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Different types of reference material
In some cases the range and variation in types of reference material can be quite bewildering. In other cases the choice may be far more limited. In general, reference materials can be broken into three main categories:
1. Certified Reference Materials (CRMs)
2. Reference Materials (RMs)
3. Quality Control Materials (QCMs)
A certified reference material (CRM) is defined by ISO REMCO (ISO Committee on Reference Materials) as:
“a reference material characterized by a metrologically valid procedure for one or more specified properties, accompanied by a certificate that states the value of the specified property, its associated uncertainty, and a statement of metrological traceability.”
Notes added to the definition are:
1. The concept of value includes qualitative attributes such as identity or sequence. Uncertainties for such attributes may be expressed as probabilities.
2. Metrologically valid procedures for the production and certification of reference materials are given in, among others, ISO Guides 34 and 35.
3. ISO Guide 31 gives guidance on the contents of certificates.
ISO REMCO (ISO Committee on Reference Materials) defines a reference material (RM) as:
“A material, sufficiently homogeneous and stable with respect to one or more specified properties, which has been established to be fit for its intended use in a measurement process.”
Notes added to the definition are:
1. RM is a generic term.
2. Properties can be quantitative or qualitative, e.g. identity of substances or species.
3. Uses may include the calibration of a measurement system, assessment of a measurement procedure, assigning values to other materials, and quality control.
4. An RM can only be used for a single purpose in a given measurement.
The following definitions from the International Vocabulary of Metrology (VIM) are analogous to the ISO REMCO definitions given above.
certified reference material
“reference material, accompanied by documentation issued by an authoritative body and providing one or more specified property values with associated uncertainties and traceabilities, using valid procedures.”
“material, sufficiently homogeneous and stable with reference to specified properties, which has been established to be fit for its intended use in measurement or in examination of nominal properties.”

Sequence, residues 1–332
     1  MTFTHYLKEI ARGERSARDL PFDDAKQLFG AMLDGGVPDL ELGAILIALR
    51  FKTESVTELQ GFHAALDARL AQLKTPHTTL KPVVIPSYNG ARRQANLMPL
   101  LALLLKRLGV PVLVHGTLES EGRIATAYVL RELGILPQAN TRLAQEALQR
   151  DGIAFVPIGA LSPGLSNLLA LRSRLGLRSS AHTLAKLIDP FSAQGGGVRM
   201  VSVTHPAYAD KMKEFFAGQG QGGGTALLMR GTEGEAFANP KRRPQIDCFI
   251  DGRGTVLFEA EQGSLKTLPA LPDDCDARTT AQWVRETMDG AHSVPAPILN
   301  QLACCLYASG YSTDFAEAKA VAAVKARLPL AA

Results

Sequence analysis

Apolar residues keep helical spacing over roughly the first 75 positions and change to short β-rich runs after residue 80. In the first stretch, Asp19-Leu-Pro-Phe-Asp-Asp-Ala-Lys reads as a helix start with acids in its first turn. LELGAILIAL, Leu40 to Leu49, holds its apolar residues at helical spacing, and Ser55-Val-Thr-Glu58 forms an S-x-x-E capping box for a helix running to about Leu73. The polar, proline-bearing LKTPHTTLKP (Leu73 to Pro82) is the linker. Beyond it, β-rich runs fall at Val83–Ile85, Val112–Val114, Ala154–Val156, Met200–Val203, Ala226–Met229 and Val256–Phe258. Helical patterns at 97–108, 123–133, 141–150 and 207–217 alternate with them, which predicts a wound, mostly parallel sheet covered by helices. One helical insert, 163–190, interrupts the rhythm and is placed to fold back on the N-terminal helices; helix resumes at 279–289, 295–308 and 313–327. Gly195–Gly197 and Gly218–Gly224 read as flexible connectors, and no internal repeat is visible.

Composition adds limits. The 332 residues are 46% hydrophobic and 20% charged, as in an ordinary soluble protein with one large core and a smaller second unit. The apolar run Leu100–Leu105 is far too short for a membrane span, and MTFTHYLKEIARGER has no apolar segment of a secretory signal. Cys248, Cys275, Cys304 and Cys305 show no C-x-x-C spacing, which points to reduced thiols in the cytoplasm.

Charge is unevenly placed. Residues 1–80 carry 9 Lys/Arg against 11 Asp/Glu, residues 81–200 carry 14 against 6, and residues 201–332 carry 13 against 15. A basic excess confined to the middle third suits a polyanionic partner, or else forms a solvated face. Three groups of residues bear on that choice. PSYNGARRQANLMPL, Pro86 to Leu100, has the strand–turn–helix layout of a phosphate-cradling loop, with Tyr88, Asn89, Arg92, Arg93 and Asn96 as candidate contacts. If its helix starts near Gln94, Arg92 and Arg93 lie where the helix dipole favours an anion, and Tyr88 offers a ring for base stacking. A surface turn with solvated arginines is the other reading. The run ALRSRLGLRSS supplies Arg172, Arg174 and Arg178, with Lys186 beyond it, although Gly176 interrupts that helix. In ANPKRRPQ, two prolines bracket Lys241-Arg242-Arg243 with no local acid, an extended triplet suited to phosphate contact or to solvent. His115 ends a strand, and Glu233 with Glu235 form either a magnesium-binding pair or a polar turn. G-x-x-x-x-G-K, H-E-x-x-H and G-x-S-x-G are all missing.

See the International Vocabulary of Metrology – Basic and General Concepts and Associated Terms (VIM) (ISO Guide 99) for further information and notes.
Key differences between RMs and CRMs
- CRMs have a certificate
- A value given on the certificate of a CRM is accompanied by an estimate of the uncertainty
- RM is a generic term – A CRM is an RM, but an RM is not necessarily a CRM
- CRMs represent a higher level of metrological rigour
- RMs may be suitable for some roles, but CRMs should be preferred in most cases
Quality Control Materials are less clearly defined than the other categories of reference material. ISO REMCO is currently producing a guidance document for the production of reference materials used for quality control purposes. This guide seeks to define QCMs and the processes which should be applied in their manufacture. In general QCMs should not be considered suitable for use in validation, calibration or in establishing traceability. Rather, their purpose is to provide relatively cheap and readily available samples for use in ongoing AQC (Analytical Quality Control), where the analyst’s historical data is used to construct control charts and set warning and action limits. In these cases the absolute values associated with the material are not important, as it is the variation over time which is being measured. However, QCMs must be sufficiently stable and homogeneous that the variation measured can be ascribed primarily to the analytical method rather than the material. The values associated with QCMs are generally referred to as indicative, and they should be treated as such.
Note on characterised values
Many reference materials carry values which represent a mixture of metrological levels. For instance, a soil matrix material certified for extractable metal content may also have indicative values for nutrient content (nitrate, phosphate, sulphate, chloride etc.). In these cases, it is the level assigned to the value (i.e. “certified” or “indicative”) which defines the metrological level of the data, and not the overall designation of the material (indicative values given on a CRM certificate are the same metrological level as indicative values quoted for a QCM). Common terminology which is used includes “Certified Value”, ”Reference Value”, “Assessed Value”, “Indicative Value” and “Information Value”. The precise meanings of these terms depend upon the manufacturer of the reference material. It is important for the analyst to be clear about what the different values present in CRM/RM documentation represent.
Reference materials may also be classified into groups depending on whether they are pure materials or matrix reference materials. A method may require the use of one or both of these types to establish traceability (e.g. a pure pesticide standard used to make calibration solutions, and a soil matrix material certified for pesticides used for method validation). Reference materials may also be classified by the sector which they serve, for instance; environmental reference materials or clinical reference materials.
Last modified on
30 April 2009.